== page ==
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Genworth to realign corporate structure

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Genworth Financial Inc. (NYSE:GNW) is trying to insulate its wealth and insurance business from the performance of its mortgage insurance business.

Genworth — a company that was spun off from General Electric in 2004 — is now a parent company, or top-level “holding company” that happens to control a group of U.S. mortgage insurance companies, a group of European mortgage insurance companies, and wealth management and life insurance companies.

Genworth is a major player in the U.S. long-term care insurance (LTCI) market and the life insurance market as well as in the mortgage insurance market.

Genworth now is seeking permission from regulators to form a new parent company, to be named Genworth Financial Inc.

The new Genworth Financial Inc. would control a new, mid-level holding company, Genworth Holdings Inc., Genworth Holdings Inc. would control the wealth and insurance business.

Another division, Genworth Mortgage Insurance Company, would control the U.S. and European mortgage insurance business.

If the U.S. mortgage insurance ran into severe trouble, Genworth could form a new company that would have the ability to continue writing new business in all 50 states, Genworth said.

The restructuring would remove the U.S. mortgage insurance subsidiaries from the list of companies covered by an indenture that governs Genworth’s senior notes, Genworth added.

Genworth plans to contribute $100 million to the mortgage business to beef up its capital levels. When the European mortgage operations go under the Genworth Mortgage Insurance Company umbrella, they will transfer $200 million in capital to Genworth Mortgage Insurance Company, Genworth said.

The company hopes to get the regulatory approvals it needs to complete the deal by June 30.

The changes do not require shareholder or noteholder approval, the company said.

Genworth already has the approvals it needs for the European mortgage insurance companies to transfer the $200 million to Genworth Mortgage Insurance Company, Genworth said.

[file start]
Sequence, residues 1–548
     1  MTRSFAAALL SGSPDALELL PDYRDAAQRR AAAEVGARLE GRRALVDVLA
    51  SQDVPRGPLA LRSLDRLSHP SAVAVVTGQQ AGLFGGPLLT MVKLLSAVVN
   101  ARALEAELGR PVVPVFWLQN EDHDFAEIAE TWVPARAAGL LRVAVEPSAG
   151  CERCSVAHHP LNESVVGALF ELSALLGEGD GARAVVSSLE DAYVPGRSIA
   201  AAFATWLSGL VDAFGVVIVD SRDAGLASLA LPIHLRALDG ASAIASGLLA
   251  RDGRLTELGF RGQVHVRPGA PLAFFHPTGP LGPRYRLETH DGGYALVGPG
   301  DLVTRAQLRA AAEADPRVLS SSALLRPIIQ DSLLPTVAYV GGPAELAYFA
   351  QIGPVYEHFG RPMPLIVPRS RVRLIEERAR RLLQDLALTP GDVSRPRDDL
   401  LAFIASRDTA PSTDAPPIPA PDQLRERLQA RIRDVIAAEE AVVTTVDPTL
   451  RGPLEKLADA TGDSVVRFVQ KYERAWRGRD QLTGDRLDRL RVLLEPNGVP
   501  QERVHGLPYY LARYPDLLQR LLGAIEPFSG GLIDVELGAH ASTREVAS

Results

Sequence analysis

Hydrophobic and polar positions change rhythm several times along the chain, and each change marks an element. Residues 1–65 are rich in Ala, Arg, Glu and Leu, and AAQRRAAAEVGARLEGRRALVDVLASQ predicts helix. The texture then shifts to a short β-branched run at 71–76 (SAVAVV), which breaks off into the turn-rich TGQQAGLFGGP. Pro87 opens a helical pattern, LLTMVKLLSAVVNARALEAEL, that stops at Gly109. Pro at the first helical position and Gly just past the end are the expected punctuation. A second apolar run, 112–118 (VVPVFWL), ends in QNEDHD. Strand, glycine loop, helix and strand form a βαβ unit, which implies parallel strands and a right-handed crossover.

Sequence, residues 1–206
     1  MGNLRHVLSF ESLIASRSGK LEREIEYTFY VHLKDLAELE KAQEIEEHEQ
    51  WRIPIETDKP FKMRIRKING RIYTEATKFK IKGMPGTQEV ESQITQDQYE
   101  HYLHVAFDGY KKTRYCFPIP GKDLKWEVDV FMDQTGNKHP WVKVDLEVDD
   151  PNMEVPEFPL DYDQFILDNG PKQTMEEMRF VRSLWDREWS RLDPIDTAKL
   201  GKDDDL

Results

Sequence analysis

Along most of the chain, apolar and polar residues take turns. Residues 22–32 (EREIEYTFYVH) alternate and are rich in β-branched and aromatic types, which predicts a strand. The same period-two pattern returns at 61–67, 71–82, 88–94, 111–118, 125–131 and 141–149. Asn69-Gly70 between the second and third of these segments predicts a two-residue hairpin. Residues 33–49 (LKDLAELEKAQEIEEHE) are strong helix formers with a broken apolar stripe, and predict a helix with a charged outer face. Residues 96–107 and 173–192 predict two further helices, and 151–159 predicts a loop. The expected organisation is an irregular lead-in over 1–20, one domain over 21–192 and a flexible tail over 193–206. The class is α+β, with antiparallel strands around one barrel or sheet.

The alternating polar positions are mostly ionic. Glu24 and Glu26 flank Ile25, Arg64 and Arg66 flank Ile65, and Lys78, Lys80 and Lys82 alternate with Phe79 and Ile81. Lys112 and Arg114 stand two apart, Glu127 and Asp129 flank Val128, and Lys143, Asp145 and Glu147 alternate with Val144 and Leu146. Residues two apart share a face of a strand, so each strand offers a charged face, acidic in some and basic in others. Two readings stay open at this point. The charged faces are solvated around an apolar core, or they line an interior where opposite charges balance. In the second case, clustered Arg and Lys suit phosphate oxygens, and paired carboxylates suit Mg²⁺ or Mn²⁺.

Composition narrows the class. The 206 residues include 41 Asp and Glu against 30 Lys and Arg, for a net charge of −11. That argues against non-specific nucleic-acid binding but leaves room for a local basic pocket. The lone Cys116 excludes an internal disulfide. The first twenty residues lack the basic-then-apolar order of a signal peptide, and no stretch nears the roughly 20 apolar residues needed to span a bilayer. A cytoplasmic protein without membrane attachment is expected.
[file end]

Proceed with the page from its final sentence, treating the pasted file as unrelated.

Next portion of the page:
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Standard & Poor’s Ratings Services said the announcement would have no effect on the ratings it has assigned Genworth.

S&P believes the new corporate structure will eliminate the possibility that severe financial problems at the U.S. mortgage insurance operation, such as insolvency, would lead to a cross-default against Genworth’s senior notes indenture.

“These strategic actions will enhance [Genworth's] financial flexibility and are in-line with our expectations,” S&P said.

Ratings analysts at Moody’s Investors Service said they were completing a review of ratings at the U.S. mortgage insurance unit by cutting the Moody’s insurance financial strength rating on the U.S. mortgage insurance operating companies to Baa2, from Baa1, with a negative outlook. Moody’s started the rating review in June 2012.

Moody’s kept the rating it has assigned Genworth’s senior debt at Baa3.

Moody’s held its insurance financial strength ratings on the U.S. life companies at A3, with a stable outlook.

“Genworth’s outstanding senior  and subordinated notes will remain obligations of the old parent,” Moody’s said in a comment on the rating actions.

“The plan outlined by  Genworth limits the potential downside impact of the lower-rated [U.S. mortgage insurance] on the holding company and the rest of the operations, thereby addressing  the key rating concern that drove the review for downgrade,” Scott Robinson, a senior vice president at Moody’s, said in a statement.

The reorganization should help the U.S. life operations, which have a higher credit rating than the mortgage insurance operations and will no longer be responsible for supporting the mortgage insurance business debt, Moody’s  said.

“Genworth ended the fourth quarter with approximately $1 billion of cash  and highly liquid securities at the holding company,” Moody’s said.

CORRECTION: The nature of the spin-off that created Genworth was described incorrectly in an earlier version of this article. General Electric split Genworth off in 2004.

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